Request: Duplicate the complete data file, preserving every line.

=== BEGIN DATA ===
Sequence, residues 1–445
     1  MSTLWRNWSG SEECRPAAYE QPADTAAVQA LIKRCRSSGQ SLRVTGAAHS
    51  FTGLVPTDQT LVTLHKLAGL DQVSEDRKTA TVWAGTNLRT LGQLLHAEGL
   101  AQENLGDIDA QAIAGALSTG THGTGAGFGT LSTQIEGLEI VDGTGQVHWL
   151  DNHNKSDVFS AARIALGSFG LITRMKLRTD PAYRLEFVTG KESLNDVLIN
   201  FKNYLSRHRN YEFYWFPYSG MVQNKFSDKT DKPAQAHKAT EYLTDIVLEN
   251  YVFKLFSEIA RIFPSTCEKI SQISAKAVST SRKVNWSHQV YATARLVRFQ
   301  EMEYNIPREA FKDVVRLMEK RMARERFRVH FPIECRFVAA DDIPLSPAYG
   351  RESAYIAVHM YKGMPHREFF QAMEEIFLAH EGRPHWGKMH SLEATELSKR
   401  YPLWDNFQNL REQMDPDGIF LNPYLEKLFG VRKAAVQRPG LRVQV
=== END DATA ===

Sequence, residues 1–445
     1  MSTLWRNWSG SEECRPAAYE QPADTAAVQA LIKRCRSSGQ SLRVTGAAHS
    51  FTGLVPTDQT LVTLHKLAGL DQVSEDRKTA TVWAGTNLRT LGQLLHAEGL
   101  AQENLGDIDA QAIAGALSTG THGTGAGFGT LSTQIEGLEI VDGTGQVHWL
   151  DNHNKSDVFS AARIALGSFG LITRMKLRTD PAYRLEFVTG KESLNDVLIN
   201  FKNYLSRHRN YEFYWFPYSG MVQNKFSDKT DKPAQAHKAT EYLTDIVLEN
   251  YVFKLFSEIA RIFPSTCEKI SQISAKAVST SRKVNWSHQV YATARLVRFQ
   301  EMEYNIPREA FKDVVRLMEK RMARERFRVH FPIECRFVAA DDIPLSPAYG
   351  RESAYIAVHM YKGMPHREFF QAMEEIFLAH EGRPHWGKMH SLEATELSKR
   401  YPLWDNFQNL REQMDPDGIF LNPYLEKLFG VRKAAVQRPG LRVQV